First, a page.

John Edgar Hoover (January 1, 1895 – May 2, 1972) was the first Director of the Federal Bureau of Investigation (FBI) of the United States. Appointed director of the Bureau of Investigation—predecessor to the FBI—in 1924, he was instrumental in founding the FBI in 1935, where he remained director until his death in 1972. Hoover is credited with building the FBI into a large and efficient crime-fighting agency, and with instituting a number of modern innovations to police technology, such as a centralized fingerprint file and forensic laboratories.
Late in life, and after his death, Hoover became an increasingly controversial figure. His critics have accused him of exceeding the jurisdiction of the FBI. He used the FBI to harass political dissenters and activists, to amass secret files on political leaders, and to collect evidence using illegal methods. It is because of Hoover's long and controversial tenure that FBI directors are now limited to 10-year terms.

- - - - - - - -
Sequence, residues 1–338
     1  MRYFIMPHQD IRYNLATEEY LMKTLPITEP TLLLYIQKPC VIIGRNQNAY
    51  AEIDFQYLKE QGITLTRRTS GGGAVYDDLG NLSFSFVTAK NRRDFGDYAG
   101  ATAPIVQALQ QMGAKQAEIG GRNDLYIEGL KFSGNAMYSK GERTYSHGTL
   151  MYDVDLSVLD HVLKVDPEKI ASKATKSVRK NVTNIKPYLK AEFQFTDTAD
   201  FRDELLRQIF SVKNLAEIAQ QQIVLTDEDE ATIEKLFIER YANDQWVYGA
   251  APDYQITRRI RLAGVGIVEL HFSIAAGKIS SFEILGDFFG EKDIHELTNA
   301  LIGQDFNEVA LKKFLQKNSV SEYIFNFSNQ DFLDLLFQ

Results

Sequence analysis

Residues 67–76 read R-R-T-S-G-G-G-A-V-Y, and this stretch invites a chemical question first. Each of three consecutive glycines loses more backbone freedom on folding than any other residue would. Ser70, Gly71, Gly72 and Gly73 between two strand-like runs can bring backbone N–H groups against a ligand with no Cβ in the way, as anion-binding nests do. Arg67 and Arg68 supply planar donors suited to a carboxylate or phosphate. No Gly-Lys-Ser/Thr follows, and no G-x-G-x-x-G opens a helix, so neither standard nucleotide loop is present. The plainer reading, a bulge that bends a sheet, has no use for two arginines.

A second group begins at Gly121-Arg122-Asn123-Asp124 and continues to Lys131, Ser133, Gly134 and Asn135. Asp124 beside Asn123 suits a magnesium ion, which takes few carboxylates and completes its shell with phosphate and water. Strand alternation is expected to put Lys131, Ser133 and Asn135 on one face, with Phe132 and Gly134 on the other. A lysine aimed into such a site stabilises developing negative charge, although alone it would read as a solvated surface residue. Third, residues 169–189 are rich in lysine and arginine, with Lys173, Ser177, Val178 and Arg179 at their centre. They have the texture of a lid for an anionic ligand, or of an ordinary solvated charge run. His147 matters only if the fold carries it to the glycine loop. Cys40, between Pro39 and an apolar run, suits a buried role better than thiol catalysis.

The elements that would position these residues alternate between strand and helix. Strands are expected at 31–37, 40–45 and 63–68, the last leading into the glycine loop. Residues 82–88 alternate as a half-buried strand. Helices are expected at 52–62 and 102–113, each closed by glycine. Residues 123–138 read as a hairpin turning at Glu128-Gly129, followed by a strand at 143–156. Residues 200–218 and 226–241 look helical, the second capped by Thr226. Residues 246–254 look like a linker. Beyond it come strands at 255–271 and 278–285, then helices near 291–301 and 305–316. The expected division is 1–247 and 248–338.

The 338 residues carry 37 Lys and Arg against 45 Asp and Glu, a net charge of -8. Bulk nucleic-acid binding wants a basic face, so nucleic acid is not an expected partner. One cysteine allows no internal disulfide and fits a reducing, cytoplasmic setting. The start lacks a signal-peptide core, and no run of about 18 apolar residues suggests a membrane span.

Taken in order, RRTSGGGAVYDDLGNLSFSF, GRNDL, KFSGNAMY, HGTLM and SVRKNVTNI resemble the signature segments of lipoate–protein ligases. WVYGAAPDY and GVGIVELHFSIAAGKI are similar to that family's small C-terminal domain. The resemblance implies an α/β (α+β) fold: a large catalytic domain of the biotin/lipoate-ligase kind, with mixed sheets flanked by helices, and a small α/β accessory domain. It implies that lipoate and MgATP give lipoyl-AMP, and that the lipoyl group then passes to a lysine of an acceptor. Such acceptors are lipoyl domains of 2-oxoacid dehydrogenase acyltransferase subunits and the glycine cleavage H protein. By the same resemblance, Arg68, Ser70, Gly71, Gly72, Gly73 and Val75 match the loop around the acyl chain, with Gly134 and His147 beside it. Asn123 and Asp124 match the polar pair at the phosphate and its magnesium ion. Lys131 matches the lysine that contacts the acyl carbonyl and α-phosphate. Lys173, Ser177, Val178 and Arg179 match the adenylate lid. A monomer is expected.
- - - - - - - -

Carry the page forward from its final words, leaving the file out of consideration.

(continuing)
J. Edgar Hoover was born on New Year's Day 1895 in Washington, D.C., to Anna Marie (née Scheitlin; 1860–1938), who was descended from a line of Swiss mercenaries, and Dickerson Naylor Hoover, Sr. (1856–1921), of English and German ancestry. Annie's uncle had been the Swiss honorary consul general to the United States. Hoover grew up in the Eastern Market. He worked at the Library of Congress during college and obtained a law degree from George Washington University in 1917. While a law student, Hoover became interested in the career of Anthony Comstock, the New York City US Postal Inspector, who waged prolonged campaigns against fraud and vice, including pornography and information on birth control, a generation earlier.